Kungsgatan killing suspects released

Three men accused of beating a man to death in central Stockholm in May have been released by the Stockholm City Court ahead of a judgment expected on Monday.

The men, two eighteen-year olds and a nineteen year old, stand accused of killing 29-year old Marcus Gabrielsen on Stockholm’s Kungsgatan on May 5th.

Gabrielsen and a friend are said to have been attacked after asking one of the attackers not to urinate in a doorway on the street. Despite the fact there were many people on Kungsgatan at the time, nobody came to Gabrielsen’s aid and he was left unconcious. He died in hospital a few days later.

The accused men’s families cheered as the court announced that they would be released. The decision to free them indicates that they are unlikely to be convicted.

Prosecutors have been unable to produce forensic evidence linking the accused men to the crime.

A number of witnesses at the trial have given contradictory evidence, and some have retracted in court accounts that they gave to police during questioning, reports Dagens Nyheter.

Asked what he thought of the decision to set the men free, the victim’s father, Oddvar Gabrielsen, responded:

“What do I think? No doubt they’ve taken the right decision.”


Attacker ‘severely disturbed’ during stabbing at Swedish political festival

Theodor Engström, the 33-year-old man who stabbed psychiatrist Ing-Marie Wieselgren to death at the Almedalen political festival in July, was seriously psychiatrically disturbed at the time of his attack, forensic psychiatrists have ruled.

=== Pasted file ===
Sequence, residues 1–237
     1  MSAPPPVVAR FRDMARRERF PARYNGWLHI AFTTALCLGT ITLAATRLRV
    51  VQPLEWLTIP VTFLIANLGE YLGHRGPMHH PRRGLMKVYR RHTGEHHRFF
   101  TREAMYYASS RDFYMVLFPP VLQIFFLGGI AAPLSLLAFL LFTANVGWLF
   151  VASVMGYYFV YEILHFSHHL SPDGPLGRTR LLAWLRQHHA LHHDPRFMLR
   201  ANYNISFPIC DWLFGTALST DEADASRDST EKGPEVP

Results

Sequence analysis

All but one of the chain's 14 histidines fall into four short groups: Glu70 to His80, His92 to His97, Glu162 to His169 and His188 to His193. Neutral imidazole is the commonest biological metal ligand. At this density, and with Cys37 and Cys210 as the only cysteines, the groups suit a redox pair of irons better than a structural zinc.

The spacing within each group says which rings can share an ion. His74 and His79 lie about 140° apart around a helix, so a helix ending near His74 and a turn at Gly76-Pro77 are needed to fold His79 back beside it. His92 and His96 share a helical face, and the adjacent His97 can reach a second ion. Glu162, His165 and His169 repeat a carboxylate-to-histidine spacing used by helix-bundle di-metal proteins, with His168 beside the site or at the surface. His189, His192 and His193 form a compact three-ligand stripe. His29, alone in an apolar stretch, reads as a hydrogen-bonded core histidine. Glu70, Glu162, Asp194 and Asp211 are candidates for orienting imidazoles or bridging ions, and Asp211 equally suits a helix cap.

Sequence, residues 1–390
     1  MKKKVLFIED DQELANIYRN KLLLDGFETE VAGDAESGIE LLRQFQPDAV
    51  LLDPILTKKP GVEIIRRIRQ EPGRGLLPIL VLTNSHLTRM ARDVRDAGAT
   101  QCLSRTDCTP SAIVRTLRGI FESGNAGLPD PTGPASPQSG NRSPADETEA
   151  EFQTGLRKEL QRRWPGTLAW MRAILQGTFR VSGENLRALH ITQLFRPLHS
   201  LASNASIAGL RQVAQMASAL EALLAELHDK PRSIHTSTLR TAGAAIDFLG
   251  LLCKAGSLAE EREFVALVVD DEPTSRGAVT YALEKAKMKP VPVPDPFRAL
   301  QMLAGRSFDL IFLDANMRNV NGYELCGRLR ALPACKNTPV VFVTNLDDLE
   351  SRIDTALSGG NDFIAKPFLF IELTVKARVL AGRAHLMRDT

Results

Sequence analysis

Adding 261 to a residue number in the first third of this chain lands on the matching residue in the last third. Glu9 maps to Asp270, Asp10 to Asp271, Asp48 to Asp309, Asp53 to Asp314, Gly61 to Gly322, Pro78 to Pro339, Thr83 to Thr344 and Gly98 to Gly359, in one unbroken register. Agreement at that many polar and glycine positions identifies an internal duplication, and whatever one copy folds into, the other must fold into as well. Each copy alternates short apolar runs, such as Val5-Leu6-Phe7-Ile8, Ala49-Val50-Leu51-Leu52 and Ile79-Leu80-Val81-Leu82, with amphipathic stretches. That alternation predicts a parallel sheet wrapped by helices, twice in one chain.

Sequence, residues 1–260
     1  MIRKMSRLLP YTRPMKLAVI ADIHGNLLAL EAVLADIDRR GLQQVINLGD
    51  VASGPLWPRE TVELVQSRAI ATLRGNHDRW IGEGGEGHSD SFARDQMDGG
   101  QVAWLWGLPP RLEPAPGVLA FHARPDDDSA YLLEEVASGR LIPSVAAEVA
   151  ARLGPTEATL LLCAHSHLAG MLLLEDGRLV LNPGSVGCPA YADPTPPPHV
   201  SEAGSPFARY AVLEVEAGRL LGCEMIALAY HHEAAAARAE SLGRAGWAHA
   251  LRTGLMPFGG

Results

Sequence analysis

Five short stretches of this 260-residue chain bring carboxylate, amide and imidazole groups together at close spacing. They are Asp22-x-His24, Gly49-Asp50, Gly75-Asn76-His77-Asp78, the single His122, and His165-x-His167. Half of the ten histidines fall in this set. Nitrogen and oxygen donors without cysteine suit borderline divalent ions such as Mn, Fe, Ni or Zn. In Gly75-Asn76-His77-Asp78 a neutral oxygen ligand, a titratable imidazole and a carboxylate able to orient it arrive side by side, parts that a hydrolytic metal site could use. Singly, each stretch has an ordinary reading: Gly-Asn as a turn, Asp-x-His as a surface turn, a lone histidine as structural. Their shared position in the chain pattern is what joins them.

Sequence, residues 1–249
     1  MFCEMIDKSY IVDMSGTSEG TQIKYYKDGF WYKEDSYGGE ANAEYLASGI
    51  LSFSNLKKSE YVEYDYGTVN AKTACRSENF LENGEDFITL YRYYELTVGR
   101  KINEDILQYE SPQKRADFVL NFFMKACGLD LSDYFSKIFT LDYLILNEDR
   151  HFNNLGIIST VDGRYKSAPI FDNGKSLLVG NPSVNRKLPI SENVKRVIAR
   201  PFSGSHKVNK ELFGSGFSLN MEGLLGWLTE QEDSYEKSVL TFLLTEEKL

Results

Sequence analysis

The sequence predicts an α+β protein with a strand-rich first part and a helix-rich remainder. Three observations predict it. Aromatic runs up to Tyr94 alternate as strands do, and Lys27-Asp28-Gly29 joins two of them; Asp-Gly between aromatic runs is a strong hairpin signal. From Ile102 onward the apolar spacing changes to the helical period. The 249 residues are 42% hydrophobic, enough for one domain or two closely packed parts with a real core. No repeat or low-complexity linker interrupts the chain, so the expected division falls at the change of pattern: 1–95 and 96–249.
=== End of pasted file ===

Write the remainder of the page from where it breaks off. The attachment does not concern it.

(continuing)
Attacker 'severely disturbed' during stabbing at Swedish political festival

According to the Hela Gotland newspaper the Swedish National Board of Forensic Medicine has ruled that the man was so disturbed at the time of his attack he had lost the ability to understand the consequences of his actions, and has as a result recommended that he be given psychiatric treatment rather than a prison term.

The agency said that Engström had still been disturbed at the time he was given psychiatric assessment, and warned that there was a risk that Engström would commit further criminal acts. 

“This is a question which has relevance at a future stage,” said prosecutor Henrik Olin. “It means he cannot be sentenced to jail, but will instead receive psychiatric care. But it is not going to change how the investigation is carried out.” 

READ ALSO: What do we know about the Almedalen knife attack?

Engström stabbed Wieselgren, who worked as psychiatric coordinator for the Swedish Association of Local Authorities and Regions, as she was on the way to take part on a discussion at the Almedalen political festival. She died in hospital later that day. 

Engström has admitted to carrying out the attack, telling police that he intended to make a protest against the state of psychiatric healthcare in Sweden.